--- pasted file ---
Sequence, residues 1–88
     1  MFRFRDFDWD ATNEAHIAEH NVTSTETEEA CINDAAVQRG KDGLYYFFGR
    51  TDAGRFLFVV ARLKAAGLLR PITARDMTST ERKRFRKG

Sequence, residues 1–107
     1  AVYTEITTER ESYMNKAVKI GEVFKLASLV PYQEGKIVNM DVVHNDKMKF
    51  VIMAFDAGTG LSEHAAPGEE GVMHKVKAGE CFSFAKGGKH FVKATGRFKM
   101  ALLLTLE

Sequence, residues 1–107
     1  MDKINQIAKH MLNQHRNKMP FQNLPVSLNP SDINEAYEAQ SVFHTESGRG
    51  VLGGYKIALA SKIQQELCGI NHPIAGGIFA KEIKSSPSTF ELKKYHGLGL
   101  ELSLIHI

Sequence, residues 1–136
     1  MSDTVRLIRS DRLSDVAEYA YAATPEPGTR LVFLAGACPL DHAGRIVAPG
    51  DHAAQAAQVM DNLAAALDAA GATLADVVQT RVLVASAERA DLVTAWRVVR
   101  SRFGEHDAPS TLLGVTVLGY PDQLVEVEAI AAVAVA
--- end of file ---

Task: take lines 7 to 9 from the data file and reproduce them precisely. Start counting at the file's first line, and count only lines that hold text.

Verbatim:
   101  ALLLTLE

Sequence, residues 1–107
     1  MDKINQIAKH MLNQHRNKMP FQNLPVSLNP SDINEAYEAQ SVFHTESGRG